As a counterpoint, I was very happy to discover a copy of Iblis (1994), retold by Shulamith Levey Oppenheim and illustrated by the great Ed Young.  This is also the story of Adam and Eve and the Expulsion from Paradise, but based not on the first book of Moses, however, but on the Islamic version which was written by Jarir-at-Tabari in Baghdad in the 9th century.  Iblis is the name of the Devil.

For five hundred years Adam and Eve had lived in Paradise. And for five hundred years Iblis, the great Satan, had been trying to get in.

It is the angel Ridwan who stands guard outside the garden, and the first image of the book is of his clenched fist and flaming sword.

That’s an immediate difference.  500 years versus just a few days.

Trying to figure out a way to sneak in, Iblis tricks the serpent, promising to tell her the three magic words which will save all who hear them from illness, old age and death. The serpent – both beautiful and vain – allows Iblis to shrink to the size of a speck of dust and sit himself “between her teeth, making them poisonous for eternity.”

From this perch, Iblis can then speak as the serpent, and is thus able to address Eve incognito.

“Dearest serpent, in this garden of God, have we not all that can be desired?”

“It would seem so. But are you not troubled that the noblest fruit of the garden is denied you by God?”

He goes on to tell her that the fruit gives eternal youth and health. Eve is indeed curious.

“How do you know this?”

“An angel told me as I lay under the forbidden tree.”

“I must see this angel!”

Iblis is a master shapeshifter. In a moment, he has flown out from the serpent’s mouth and transformed into “a perfect young man with wings like clouds.”

“I am a man made into an angel,” Iblis told her. “I become an angel by eating the fruit that God has denied us. I was near death, ill and infirm. I ate and lo, you see me a thousand years later.”

Eve needs no more convincing. She takes and she eats. She gives to Adam and he eats.

It is not clear why the fruit is forbidden. There is no mention of “the Knowledge Between Good and Evil,” which I always found to be one of the most compelling aspects of the Biblical story.

At that moment, the tree comes to terrifying life. Young spreads it out over two pages, the terrible, twisting branches of that hideously overgrown tree, like a hundred dark snakes, the form of the humans writhing from within, trying to escape. This is the manifestation of God, and He is not pleased.

“Depart from Paradise, thou Adam, thy wife, Eve, and the animals that led ye into disobeying my command.”

It is now, at God’s command, that leaves are given to Eve and Adam, and they are expelled. It seems a slight distinction, but I’m certain in the biblical version they fashion the fig leaves before God comes to find them.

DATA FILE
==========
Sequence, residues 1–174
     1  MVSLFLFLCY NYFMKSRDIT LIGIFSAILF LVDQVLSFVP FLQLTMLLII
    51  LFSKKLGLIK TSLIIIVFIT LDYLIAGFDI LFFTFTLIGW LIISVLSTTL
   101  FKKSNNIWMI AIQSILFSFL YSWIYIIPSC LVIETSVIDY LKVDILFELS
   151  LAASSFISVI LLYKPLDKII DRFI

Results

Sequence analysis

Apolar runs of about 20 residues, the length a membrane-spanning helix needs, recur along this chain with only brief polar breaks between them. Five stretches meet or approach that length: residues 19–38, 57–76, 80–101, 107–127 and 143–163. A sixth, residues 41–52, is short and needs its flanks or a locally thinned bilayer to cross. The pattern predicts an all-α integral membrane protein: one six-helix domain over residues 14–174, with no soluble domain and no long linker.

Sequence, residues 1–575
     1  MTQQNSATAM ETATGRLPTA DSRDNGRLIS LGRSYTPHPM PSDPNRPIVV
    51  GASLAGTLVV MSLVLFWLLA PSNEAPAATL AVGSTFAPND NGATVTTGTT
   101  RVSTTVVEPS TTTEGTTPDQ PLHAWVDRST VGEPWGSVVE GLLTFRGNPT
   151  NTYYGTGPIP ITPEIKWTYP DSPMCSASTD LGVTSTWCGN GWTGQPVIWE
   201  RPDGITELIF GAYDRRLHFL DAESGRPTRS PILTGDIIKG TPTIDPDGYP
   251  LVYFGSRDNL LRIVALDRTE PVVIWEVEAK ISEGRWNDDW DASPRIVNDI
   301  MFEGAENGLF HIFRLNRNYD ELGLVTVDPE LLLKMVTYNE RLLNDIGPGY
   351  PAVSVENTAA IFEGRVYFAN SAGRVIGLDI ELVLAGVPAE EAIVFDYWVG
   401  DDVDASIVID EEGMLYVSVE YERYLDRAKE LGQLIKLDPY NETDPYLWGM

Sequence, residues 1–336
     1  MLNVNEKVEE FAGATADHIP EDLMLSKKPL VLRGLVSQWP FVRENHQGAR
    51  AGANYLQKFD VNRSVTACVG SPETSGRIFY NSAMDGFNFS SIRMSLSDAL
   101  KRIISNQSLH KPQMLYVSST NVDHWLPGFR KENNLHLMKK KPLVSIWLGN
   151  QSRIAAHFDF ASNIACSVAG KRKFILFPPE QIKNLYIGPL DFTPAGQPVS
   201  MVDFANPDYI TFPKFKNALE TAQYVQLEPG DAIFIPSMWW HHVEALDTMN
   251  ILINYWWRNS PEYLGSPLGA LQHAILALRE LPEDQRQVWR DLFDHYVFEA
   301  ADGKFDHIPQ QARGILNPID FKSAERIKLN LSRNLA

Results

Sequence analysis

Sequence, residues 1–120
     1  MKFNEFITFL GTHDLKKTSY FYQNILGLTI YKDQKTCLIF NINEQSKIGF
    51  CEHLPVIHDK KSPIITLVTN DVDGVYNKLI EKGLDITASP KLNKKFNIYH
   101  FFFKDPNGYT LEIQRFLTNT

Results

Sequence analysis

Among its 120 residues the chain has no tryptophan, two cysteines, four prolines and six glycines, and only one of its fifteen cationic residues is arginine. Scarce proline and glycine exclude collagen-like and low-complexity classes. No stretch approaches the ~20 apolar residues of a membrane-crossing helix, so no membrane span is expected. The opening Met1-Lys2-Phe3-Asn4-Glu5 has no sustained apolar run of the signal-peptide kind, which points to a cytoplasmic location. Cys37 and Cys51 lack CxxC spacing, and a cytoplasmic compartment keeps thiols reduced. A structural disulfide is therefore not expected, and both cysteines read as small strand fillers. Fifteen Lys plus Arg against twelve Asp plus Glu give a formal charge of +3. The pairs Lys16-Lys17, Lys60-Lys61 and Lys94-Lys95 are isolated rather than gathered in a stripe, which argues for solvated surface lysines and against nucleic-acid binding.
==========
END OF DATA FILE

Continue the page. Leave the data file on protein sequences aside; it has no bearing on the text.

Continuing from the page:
Adam is banished to the island of Serendib, which is now – Oppenheim tells us – present-day Sri Lanka. Eve finds herself exiled in Jeddah. I’m trying to figure out how they went on to produce the human race between them if God sent them to opposite ends of the bus like this, but I’m willing to accept this in the same way I gladly accept the existence of the firmament.

And Iblis – the star of the book – is flung into the River Eila, which flows into Hell. We see him, screaming, now transformed into his true form, falling into the roaring flame of eternal hellfire.

Saniyasnain Khan reading to children at the Islamic Arts Museum, Kuala Lumpur

These two versions are not the only parallel stories in the dueling religious traditions.  In fact, they share the entirety of the Torah.  There’s a wonderful series of books called “Quran Stories for Little Hearts” published by Goodword Books which retells several stories which would be familiar to a youngster raised on Bible Stories.  Jonah, Cain and Abel, Noah’s Ark… they all have parallels in the Muslim faith.

Saniyasnain Khan is the author of these books, and he has written over 100 children’s books, translated into more than one dozen languages.  I found that he is also a trustee of  the Centre for Peace and Spirituality — a non-profit organization whose website states, “Our mission is to re-engineer individual minds towards positive thinking in order to build a peaceful world.”

This got me wondering, how would the world be different if the children’s sections of bookstores and libraries did not have designated “Christian” and “Muslim” sections – the former bulging with hundreds of picture books filled with white people, and the latter minuscule and dark-skinned by comparison.  For example, for this column I had to go rooting around different shelves in my local library to find both Iblis and Adam and Eve.

Suppose, instead, the books were combined and indexed by story.  Jewish, Christian and Islamic… these precious stories which you see as being absolutely fundamental to your religion and your world-view and your understanding of the universe, but are actually shared amongst other religions as well.  What would the effect be on our children?  What would the effect be on the way they see the world?  Stories can kill with hatred and Stories can heal.  Stories belong to no one.

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2 responses to “Tales and Their Tellers 9: Adam and Eve Don’t Belong to You

  1. Awesome, Jon. I like how the ideas here extend far beyond books for children into the notion of groups trying to claim stories as their own to the exclusion of others. Very interesting.

    Like

  2. for a good book on the treatment of the same people across christian and islamic traditions, check out noah’s other son. i proofread it! don’t hold any typos against me.

    Like